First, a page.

What continues to amaze me, one piano/synth release after another, is how so very many
continue to echo a pivotal 1980's release called The Waiting by Peter Buffet.
Perhaps the piano and synth peformed in a that introspectively heady, New Agey mood
must naturally evolve into similar scenarios. If you prefer your piano with emotive synth
framing, then go with the Flomer flow. Ahh . . .

~ John W. Patterson - Eclectic Earwig Review

The #1 Trade Magazine for Retailers of New Age Books, Music, and Merchandise

Night in the Vapor Jungle
John Flomer/ Spotted Peccary
Reviewed March/April 2000

by Ted Cox

Among the cutting-edge electronic composers on the highly regarded Spotted Peccary label is John Flomer. Here, he offers an introspective follow-up to his debut "Mysterious Motions of Memory". The more subtle and somber "Night in the Vapor Jungle" provides Flomer an opportunity to glide his piano over beds of symphonic electronics, some of which might be considered avant garde in the genre of New Age-classical music.

"Through the Veil" and "The Charm Wind" recall the fast-paced early works of Tangerine Dream and Jean Michel Jarre with percussion and keyboards ablaze in fiery color. The rest of the album moves in slow, measured paces. Most dark is the plunge into "Shadowdomain," full of ominous chords, spooky sounds, and sinister atmosphere. The shimmering and plucked-string keyboard texture depicting a murky "Goldfish Pool" and the faux-oboe solo with synth and voice choir in "The Power of Stars" give special treatment to nature and the universe.

Ted Cox studied at the Eastman School of Music. He currently is the classical and New Age buyer for Tower Records in Vienna, Va., and host of a New Age radio program.

One of the "new" artists you're hearing on NetRadio.com is John Flomer. His latest CD, Night in the Vapor Jungle, is a dreamy, atmospheric journey steeped in mystery. Although new to many of our listeners, Flomer actually has been recording for almost a decade, producing some independent projects and a previous release on Spotted Peccary, 1996's Mysterious Motions of Memory. Like a number of New Age artists (Kitaro, Vangelis and Yanni among them), Flomer spent some time in Rock bands before hanging up his guitar and deciding to explore New Age music. His instrument of choice is now the synthesizer, he says, because of its ability to take listeners "into a fantastic realm where things don't have to make sense to make magic." Listen for John Flomer's compositions "Ori' Arian" and "Through the Veil" on NetRadio.com's New Age channel.

April 2000 / by Jane Fredericksen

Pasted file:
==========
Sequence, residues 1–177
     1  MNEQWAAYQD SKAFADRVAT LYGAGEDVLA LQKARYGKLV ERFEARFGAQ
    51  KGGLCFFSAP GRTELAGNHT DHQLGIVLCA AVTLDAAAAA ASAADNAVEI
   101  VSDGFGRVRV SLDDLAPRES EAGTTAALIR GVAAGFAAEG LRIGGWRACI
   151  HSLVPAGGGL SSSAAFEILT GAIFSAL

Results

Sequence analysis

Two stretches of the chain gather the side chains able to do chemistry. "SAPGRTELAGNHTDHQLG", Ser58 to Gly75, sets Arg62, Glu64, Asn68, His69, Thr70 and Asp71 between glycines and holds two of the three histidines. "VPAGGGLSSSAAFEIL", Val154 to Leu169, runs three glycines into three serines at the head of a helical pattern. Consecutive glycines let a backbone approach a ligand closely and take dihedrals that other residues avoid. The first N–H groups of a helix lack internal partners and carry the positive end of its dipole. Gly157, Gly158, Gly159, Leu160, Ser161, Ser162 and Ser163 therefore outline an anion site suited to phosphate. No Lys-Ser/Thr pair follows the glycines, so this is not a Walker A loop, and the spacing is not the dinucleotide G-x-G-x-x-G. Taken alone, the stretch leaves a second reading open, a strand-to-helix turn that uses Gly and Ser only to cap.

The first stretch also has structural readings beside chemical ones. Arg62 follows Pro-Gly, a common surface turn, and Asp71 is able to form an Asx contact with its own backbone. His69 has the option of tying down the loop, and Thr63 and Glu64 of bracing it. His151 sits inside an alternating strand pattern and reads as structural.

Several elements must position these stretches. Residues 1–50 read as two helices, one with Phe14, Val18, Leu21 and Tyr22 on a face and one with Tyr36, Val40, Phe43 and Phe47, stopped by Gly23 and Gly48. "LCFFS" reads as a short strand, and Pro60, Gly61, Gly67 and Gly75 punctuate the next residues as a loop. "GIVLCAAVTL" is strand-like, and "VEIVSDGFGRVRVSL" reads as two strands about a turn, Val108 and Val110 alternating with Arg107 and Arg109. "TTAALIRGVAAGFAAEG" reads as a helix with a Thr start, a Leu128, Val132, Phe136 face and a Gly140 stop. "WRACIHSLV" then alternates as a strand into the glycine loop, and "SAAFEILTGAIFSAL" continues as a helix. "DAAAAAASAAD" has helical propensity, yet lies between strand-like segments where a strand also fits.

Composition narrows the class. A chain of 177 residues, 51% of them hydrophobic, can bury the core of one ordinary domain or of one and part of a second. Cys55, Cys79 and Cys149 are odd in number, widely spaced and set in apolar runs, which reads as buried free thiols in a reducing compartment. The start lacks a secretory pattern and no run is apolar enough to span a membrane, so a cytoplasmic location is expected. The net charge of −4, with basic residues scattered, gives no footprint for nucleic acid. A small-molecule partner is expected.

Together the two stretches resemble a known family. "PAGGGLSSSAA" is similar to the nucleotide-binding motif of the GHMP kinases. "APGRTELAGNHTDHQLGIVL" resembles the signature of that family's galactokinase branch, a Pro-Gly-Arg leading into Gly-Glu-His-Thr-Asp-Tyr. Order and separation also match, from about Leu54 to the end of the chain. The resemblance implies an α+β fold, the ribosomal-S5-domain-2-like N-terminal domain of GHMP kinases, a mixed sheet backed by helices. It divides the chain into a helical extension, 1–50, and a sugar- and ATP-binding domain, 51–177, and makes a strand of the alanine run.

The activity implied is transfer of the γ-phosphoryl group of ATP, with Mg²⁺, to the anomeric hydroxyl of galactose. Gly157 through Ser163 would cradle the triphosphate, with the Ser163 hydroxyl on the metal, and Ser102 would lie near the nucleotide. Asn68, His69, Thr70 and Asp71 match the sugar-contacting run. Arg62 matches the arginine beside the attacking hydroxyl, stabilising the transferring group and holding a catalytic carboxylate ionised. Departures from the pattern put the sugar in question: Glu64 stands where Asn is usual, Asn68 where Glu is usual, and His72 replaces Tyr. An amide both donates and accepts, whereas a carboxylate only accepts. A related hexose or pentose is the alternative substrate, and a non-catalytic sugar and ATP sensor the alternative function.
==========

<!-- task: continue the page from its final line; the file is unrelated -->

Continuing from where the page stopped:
Jane Fredericksen programs the NetRadio.com New Age music channel. She has worked on-air and as music director at leading stations in the Minneapolis-St. Paul market. As a music director, Fredericksen won a national Gavin Award for music programming in 1994 and 1995 and won the Gavin "Anti-Award" for "The Programmer With the Fewest Horrible Things Said About Them Behind Their Back. She joined NetRadio.com in 1998.

John Flomer is a master sound designer and arranger. He is at his best when building dynamic soundscapes and romantic atmospheres. Night in the Vapor Jungle is a melodic set of electronic new age compositions from Spotted Peccary Music. Flomer augments his electronic soundscapes with a gentle acoustic piano and subtle wordless vocals. Deep listeners will feel the drift as the music builds clouds of serenity and peace. The psycho-sonic refrains will affect listeners in subtle ways. Even casual listeners will have to smile as they enter Flomer's exotic soundworld. As with his other Spotted Peccary discs, this CD will appeal to fans of Suzanne Ciani, Jonn Serrie, Kitaro, and Steve Halpern. This disc is excellent for romantic encounters and affairs of the heart.

~ Jim Brenholts, All Music Guide

Album Credits

Music composed, arranged and performed by John Flomer.
Produced by Howard Givens, Jon Jenkins and John Flomer.
Executive Producer, Howard Givens.
Mixed at Spotted Peccary Studios by Howard Givens, Jon Jenkins and John Flomer.
Mastered by Howard Givens.
Illustration and Design by Greg Klamt.
Original cover concept and images by John Flomer.
Additional vocals by Deborah Martin and John Flomer
Studio Referencing on Hafler Amplifiers

Midori - Aria - Ian - MaryAnne - John Frederick - Robert

Howard, JJ, Deborah, Greg, Philip,
Zaneta, Cassie, Takaharu, Makoto
Grace, Michael, Douglas, Joel
Sammy, Jammy, Yammy, Dessi
Randine, Sam, Byrd
Goldie, Wolfman, Allie, Max Snyler
Little Johnny

For Mi-chan, my little kicker

"Hidden on the point of a pin are clues to the emptiness that drives us mad "